Here is where Mr. Roth drops the veil of supposedly objective analysis and plays the "activist judge" card.  Unfortunately for Mr. Roth, his entire argument falls apart on this.  There is a fascinating balance in the Canadian Constitution which he fails to understand.  The judiciary, especially the Supreme Court, is in the unique position of acting as a counterweight to the inclination of politicians to be excessive in their legislation and implementation of policy.

The Supreme Court does not deal in the cut-and-dried logic of concrete evidence as one would find in a lower court dealing with a murder case.  They are often called to deal with the law and its impact across the broad swath of society.  Laws are ultimately matters which affect the society which they are written for.  As much as Mr. Roth (and no doubt his mentor, Mr. Scalia) might like to remove "soft facts" such as social impact studies from the picture and only deal in "hard facts", the fact is that the higher courts simply cannot do so and carry out their role effectively.

This is not "judicial activism", as the far right likes to call it.  Rather it is a part of a process which ultimately ends up holding the desires of politicians to exceed their legitimate authority by writing laws which violate fundamental principles set out elsewhere in law.  The Harper Government has done this repeatedly in a swath of laws that it has passed - all of which will have to be challenged in court, or repealed by future governments in order to bring the body of Canada's laws back in line with the principles of our nation's Constitution.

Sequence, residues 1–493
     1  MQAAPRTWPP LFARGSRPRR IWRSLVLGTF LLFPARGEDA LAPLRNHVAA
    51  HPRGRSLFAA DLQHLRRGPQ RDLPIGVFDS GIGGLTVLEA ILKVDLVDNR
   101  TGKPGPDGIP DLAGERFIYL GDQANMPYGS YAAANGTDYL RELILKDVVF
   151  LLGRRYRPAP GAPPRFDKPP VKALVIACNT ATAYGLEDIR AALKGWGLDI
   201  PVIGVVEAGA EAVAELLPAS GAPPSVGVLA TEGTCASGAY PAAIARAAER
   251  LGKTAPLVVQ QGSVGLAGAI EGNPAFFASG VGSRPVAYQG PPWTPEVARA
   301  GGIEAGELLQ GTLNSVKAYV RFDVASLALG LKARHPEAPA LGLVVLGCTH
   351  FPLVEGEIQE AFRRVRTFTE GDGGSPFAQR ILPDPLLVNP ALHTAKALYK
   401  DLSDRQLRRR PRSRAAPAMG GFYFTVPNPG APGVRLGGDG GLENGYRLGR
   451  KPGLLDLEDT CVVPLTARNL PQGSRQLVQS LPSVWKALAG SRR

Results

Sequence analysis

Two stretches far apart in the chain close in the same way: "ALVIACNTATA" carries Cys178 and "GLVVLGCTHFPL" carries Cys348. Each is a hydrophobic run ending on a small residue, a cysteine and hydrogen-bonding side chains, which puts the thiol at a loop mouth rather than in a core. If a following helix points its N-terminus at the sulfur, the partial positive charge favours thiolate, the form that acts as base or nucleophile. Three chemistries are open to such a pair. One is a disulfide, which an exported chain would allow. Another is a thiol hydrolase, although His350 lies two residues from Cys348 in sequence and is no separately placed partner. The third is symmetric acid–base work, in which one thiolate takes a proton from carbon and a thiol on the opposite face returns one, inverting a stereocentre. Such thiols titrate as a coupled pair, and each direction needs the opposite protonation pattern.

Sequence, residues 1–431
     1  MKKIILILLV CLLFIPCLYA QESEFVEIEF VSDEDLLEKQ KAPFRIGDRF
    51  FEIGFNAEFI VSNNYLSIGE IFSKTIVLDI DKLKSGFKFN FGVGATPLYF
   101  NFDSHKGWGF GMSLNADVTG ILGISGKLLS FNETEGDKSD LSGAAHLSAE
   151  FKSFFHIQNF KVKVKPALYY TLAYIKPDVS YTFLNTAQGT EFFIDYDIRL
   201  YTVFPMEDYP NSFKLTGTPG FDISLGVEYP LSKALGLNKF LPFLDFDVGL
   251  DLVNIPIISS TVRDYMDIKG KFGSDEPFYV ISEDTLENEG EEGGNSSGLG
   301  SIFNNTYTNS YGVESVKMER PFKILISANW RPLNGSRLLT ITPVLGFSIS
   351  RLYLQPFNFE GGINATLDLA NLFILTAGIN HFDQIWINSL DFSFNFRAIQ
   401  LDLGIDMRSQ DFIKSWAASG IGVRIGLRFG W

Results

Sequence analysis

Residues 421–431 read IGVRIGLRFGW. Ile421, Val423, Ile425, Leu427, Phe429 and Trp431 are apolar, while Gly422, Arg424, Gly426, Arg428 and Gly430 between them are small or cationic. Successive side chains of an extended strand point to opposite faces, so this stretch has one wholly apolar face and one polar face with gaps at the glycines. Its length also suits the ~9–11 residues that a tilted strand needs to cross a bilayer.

Anonymous said...

You're an idiot.

MgS said...

Wow, such an insightful, cutting critique. Care to actually address the argument, Anonymous?

John Pepall said...

Read this

if you can read.

MgS said...

if you can read.

Wow ... snipe much?

MgS said...

Actually, your primary criticism of the Bedford ruling seems to be that it didn't abide by the previous Manitoba Reference case.

I refer you to paragraphs 41-45 of Bedford as explaining the rationale for the change of position from the 1990 ruling and Bedford

In particular from paragraph 45:

...The rights protected by s. 7 are “independent interests, each of which must be given independent significance by the Court” (R. v. Morgentaler, [1988] 1 S.C.R. 30, at p. 52). Furthermore, the principles of fundamental justice considered in the Prostitution Reference dealt with vagueness and the permissibility of indirect criminalization. The principles raised in this case — arbitrariness, overbreadth, and gross disproportionality — have, to a large extent, developed only in the last 20 years.

Your comment about the court "not bothering to write a new law" does seem out of bounds with respect to the role of the courts. Had the SCoC actually undertaken to do so, that would legitimately be open to criticism of "activist judges writing laws".

That said, the point I agree with you on is that one year to come up with a new law on the matter is likely far too short a window of time. Frankly, I suspect strongly that continuing the practice of writing "prohibition type laws" will result in further problems in the courts. Writing legislation on what is fundamentally an issue of morals is notoriously tricky.